Culture: Jamaica Carnival.

Time to show me yuh waves
Time to get outta line
Yuh born and ready for pace
Come and wine in de roadway
All in front ah de gateway
All in front ah de people business place
This is de kingdom [Joseph “Prince Pronto” Figueroa, Travis Hosein, Machel Montano, Austin Lyons & S. Joseph, 2018; http://socalyrics.net/machel-montano/soca-kingdom/%5D. 

Where can you find a great party of Caribbean masquerade with street dances supported by the pulsing drum beats of reggae and the steel pan “riddims” of calypso?   Jamaica Carnival 2018 (https://youtu.be/140Xxdsbnig)!

Jamaica Carnival, despite the strong opposition from religious voices, through the music and the people has survived and thrived.  And, psychologists would ask the question: “Why?”

Why has Jamaica Carnival endured when other music festivals have disappeared? 

Imagine a child growing up in the center of Caribbean music, loving the drum beats of reggae and swinging to the steel pan “riddims” of calypso.  This love of the people’s music was supported by her parents as they took her with them whenever they “jumped carnival.”  As an adult, she chose to travel across the Caribbean to the home of carnival and masquerade in Trinidad.  There, she experienced the steel pans and the artisans at their best in a way that she had never seen before.  As she traveled each year, she took more people with her to join the revelry and to experience Caribbean Carnival in its birthplace.  Soon, she was charging patrons for her services, and Karnival by Kandi was born.

Kandi King, of Karnival by Kandi, recently shared about the culture of Jamaica Carnival as she prepared for the 2018 road march which occurred last Sunday, April 8, 2018 (https://youtu.be/LUf83MRZqlw).  Her presence in the movement explains why the carnival culture has survived in Jamaica.  Her story is particularly interesting to psychologists to understand why the “Shared language, social roles and norms, values, and attitudes” (Dalton, Elias, & Wandersman, 2002, 2009) of carnival culture is being transmitted to younger generations and immigrants.  If we go by the success of Karnival by Kandi, and the growing movement of the Bacchanal Jamaica, Xamayca, and Xodus bands (http://jamaica-gleaner.com/article/entertainment/20180408/major-traffic-changes-today), then the next generation of Jamaica Carnival loyalists has not only emerged, they are here to stay.

Why will it stay? Jamaica Carnival will remain for 3 simple reasons, which are expressed in the messages of some of the songs featured in this year’s road march:

  1. It’s a family affair. Carnival in Jamaica began with the Oakridge Boys in 1989 and continued the following year with Byron Lee establishing the Jamaica Carnival (http://www.trinidadcarnivaldiary.com/carnivals-around-the-world/history-of-carnival-in-jamaica).

You’re my soca family I don’t know What I would do If I lost you I can’t lose you        Because youuuuu You are the glue that holds me down                                                  Youuuuuu There to catch me when I fall down                                                                 Youuuuuu Stick by my side through thick and thin                                                                   Now we’re living in the clouds [Destra Garcia, 2018; https://www.musixmatch.com/lyrics/Destra-2/Family%5D.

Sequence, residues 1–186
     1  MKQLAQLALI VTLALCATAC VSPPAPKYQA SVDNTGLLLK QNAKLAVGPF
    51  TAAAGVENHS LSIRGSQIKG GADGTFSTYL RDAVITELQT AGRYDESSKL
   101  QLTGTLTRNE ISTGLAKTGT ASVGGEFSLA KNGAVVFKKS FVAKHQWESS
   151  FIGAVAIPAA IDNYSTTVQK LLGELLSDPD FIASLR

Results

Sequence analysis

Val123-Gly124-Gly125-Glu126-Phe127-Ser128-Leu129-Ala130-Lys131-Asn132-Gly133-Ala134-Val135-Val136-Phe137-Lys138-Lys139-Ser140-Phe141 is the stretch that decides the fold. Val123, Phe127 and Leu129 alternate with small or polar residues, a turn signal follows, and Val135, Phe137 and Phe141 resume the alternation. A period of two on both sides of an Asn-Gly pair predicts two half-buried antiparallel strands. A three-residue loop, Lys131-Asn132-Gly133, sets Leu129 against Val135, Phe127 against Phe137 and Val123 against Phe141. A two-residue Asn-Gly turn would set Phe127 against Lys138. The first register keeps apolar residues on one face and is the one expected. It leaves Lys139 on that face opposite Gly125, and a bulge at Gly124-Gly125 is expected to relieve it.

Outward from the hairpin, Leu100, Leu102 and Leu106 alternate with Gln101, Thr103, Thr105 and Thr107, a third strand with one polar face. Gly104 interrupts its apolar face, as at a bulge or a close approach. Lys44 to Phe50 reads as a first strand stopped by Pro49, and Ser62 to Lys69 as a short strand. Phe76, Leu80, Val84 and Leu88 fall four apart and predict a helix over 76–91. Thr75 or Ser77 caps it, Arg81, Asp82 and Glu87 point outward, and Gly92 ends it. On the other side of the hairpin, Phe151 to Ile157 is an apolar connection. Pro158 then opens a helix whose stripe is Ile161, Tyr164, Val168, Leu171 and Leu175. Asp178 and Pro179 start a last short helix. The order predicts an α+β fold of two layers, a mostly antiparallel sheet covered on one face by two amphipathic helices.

1. It is choice entertainment for locals, and an excellent tourism product that adds millions to the economy. “The direct contribution of tourism to GDP is estimated at 8.4 percent while total contribution is estimated at a 27.2 percent of GDP” (http://www.tpdco.org/sectoral-debate-presentation-20172018/).

Never let your problems get you down
Stay focused and hold yuh ground …

I feel like Hulk
Hurrawr hurraaaawwwwrr
Move any mountain and trample any building
Like Hulk
Hurrawr hurraaaawwwwrr
Man badder than badder than monster
Dismantle any structure, woy [James Morgan, Dexter Stewart, Vallis Weekes, Scott Galt and Michael Hulsmeier, 2018; http://socalyrics.net/blaxx/hulk/%5D.

  1. Carnival is reshaping the local and global culture (https://www.slideshare.net/Veeshalla100/the-impact-of-festivals-and-music-of-the-caribbean).

So tell me wha dey fighting for (wha dey fighting for)
Wha dey killing for (wha dey killing for)
We doh need no war now
I say we doh want no more now [Aaron “Voice” St Louis, 2018; http://socalyrics.net/voice/year-for-love/%5D.

Taken together, what’s happening is that the promoters and other entrepreneurs are enhancing mental health by promoting community health.  When people have a viable livelihood, when they can enjoy their music, and for a day be free to march the streets with family and friends, they are also engaging in nation-building.

So, when you are looking for a little bit of culture, don’t bypass Jamaica Carnival!

There’s more than meets the eye.  There’s an emerging message behind the beats.  There is a creative freedom in the costumes.  For parents with young children, beware the sensuality of the marauders on the road.  If you do not want to march, pick a balcony or a street corner if necessary, and keep an eye-cover handy.  But, one cannot fail to appreciate the vibes of the people and their exuberance at being alive.

If you are interested in more offerings that can stimulate discussion, pass on a family legacy, or reshape culture, check out other offerings at http://www.lulu.com/spotlight/KeishaAMitchellPhD.

Remember, Dear Little Brother, … is around the bend.  The brief delay is only due to cultural expansions.

 

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